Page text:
Completely dropped off' Australia's tourism industry braces for coronavirus crisis

‘Completely dropped off’:Australia’s tourism industry braces for coronavirus crisis

Monitoring Desk

SYDNEY: Ben Woodward has seen some difficult times in the tourism industry, but the Cairns operator says the coronavirus outbreak threatens to beat the lot.

“As an industry, we’ve come through crisis situations before, there’s been Sars, there’s been the GFC, there’s been the pilot strike, but it is looking like one of the worst crisis situations we’ve encountered as an industry.”

Cairns and Port Trips and Attractions has more than 200 staff across its bus tours, nature parks and sanctuaries in far-north Queensland. Woodward, the company’s sales and marketing director, says cancellations started rolling in as soon as the Australian government imposed its ban on non-Australian citizens arriving from China, following China’s own cancellation of international tour groups leaving the country.

“And they kept coming through to the point where the following couple of weeks are supposed to be the busiest weeks for Chinese new year, and it’s just completely dropped off,” he says. “Anywhere from 40% to 60% down (on last year).”

Ratings agency S&P has said it will deliver a big but temporary blow to China’s economy that will spill over to the whole world, while the Reserve Bank of Australia chief, Philip Lowe, has warned the coronavirus will do more harm to Australia’s economy than the 2003 Sars outbreak.

The tourism industry is expected to be among the worst hit.

The Queensland premier, AnnastaciaPalaszczuk, told state parliament last week the Cairns region alone had already lost $200m in bookings, and Gold Coast operators were expecting to lose $400m.

The chief executive of Destination Gold Coast, Annaliese Battista, says China is the Gold Coast’s largest international market, and injects about half a billion dollars into the economy, with a peak around lunar new year.

She says the bushfires had already led to a softening in the market, and once China banned group bookings, individuals also started to cancel.

“Our large accommodation service providers, and we have 34,000 rooms on the Gold Coast, coming back off a bumper 2019, we are seeing about a 15-20% cancellations across our accommodation sector, and obviously Chinese businesses with a high level of exposure … are feeling the pinch,” she says.

“Some of them are telling me there’s about a 50% drop-off in bookings, and the irony is there’s a bit of a reflexive panic, fear type thing among other international markets.”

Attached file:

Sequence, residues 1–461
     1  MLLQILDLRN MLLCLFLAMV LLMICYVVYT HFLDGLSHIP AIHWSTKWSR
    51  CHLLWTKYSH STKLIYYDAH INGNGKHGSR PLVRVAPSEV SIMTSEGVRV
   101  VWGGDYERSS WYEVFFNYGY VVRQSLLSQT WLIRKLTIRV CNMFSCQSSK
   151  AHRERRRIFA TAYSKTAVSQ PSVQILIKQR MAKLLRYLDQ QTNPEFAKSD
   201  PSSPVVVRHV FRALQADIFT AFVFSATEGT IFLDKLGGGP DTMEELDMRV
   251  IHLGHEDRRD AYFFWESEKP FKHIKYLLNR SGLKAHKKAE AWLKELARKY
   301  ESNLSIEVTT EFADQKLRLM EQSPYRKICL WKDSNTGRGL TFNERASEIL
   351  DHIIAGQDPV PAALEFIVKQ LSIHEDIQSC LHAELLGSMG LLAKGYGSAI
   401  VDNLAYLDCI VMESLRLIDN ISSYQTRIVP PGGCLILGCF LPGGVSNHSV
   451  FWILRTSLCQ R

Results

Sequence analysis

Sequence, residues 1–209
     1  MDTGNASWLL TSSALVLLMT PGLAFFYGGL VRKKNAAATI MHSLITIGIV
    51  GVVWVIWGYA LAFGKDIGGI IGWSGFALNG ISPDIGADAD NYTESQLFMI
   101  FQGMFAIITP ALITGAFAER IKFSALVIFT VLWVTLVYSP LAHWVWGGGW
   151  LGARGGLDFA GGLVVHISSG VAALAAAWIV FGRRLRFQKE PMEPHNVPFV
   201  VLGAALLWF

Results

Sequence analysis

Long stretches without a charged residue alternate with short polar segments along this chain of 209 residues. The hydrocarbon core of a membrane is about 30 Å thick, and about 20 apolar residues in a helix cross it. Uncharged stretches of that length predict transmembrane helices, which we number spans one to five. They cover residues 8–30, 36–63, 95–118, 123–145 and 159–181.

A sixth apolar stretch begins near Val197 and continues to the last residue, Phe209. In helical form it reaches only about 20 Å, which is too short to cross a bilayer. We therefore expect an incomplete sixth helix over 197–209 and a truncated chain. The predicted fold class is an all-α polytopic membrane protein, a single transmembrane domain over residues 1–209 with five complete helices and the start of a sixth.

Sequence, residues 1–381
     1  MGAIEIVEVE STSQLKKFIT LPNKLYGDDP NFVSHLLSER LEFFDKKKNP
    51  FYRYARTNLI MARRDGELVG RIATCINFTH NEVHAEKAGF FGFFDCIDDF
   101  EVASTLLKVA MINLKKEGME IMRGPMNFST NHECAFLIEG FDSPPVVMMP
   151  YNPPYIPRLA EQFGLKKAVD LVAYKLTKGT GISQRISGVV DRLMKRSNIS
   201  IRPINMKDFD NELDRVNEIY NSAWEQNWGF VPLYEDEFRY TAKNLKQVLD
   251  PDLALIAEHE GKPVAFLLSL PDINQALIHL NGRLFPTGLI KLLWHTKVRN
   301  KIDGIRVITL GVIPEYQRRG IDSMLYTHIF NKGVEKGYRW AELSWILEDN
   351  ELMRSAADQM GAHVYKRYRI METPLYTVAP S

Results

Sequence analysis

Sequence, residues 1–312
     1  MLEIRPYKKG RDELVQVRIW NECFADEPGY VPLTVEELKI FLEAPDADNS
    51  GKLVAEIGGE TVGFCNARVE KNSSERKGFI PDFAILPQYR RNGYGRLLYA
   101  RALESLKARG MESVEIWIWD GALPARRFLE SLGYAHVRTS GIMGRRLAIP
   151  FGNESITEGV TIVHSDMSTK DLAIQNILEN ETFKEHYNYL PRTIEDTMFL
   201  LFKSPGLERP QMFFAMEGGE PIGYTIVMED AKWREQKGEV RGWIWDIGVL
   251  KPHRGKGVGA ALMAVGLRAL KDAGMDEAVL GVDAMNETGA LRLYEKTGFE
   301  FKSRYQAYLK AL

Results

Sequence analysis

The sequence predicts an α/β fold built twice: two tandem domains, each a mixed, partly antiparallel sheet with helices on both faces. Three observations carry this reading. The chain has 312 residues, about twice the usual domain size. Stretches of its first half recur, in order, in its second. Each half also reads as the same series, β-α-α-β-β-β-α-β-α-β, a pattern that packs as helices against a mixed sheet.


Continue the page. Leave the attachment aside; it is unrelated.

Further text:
Battista says it will be the small mum-and-dad businesses that will suffer the most.

“Of the 3,500 tourism operators we have on the Gold Coast, the vast majority are those small- to medium-size operators.”

Woodward says there has also been a flow-on effect to tourists from other Asian nations such as South Korea and Japan, and other parts of the world.

“We are also starting to see cancellations from western groups as well, so groups from the UK and North America cancelling bookings directly because of coronavirus,” he says.

Operators hope a domestic marketing campaign can make up the shortfall, but they have also called on the Queensland government to immediately suspend state fees and charges until the coronavirus crisis is over. The state government in turn wants the federal government to extend disaster relief payments to businesses badly hit by the outbreak.

The latter will need to be approved by all states and territories, which are not due to meet on the matter until April.

It is not just Queensland feeling the pinch. Terry Smit, the managing director of Bunyip tours in Victoria, says he has seen a number of cancellations from agents focused on the Chinese market.

“I wish I could forecast the future, but for right now we’re shortening some of our casual shifts, and our reservation staff are being told to come in later or go home earlier if there’s not much to do.”

The long-term impact, he says, would be casual staff looking for other jobs, meaning fewer experienced tour guides.

“You can’t just turn the tap on when you need more tour guides or reservation staff. It takes time. And good tour guides don’t grow on trees.”

Courtesy: (theguardian)

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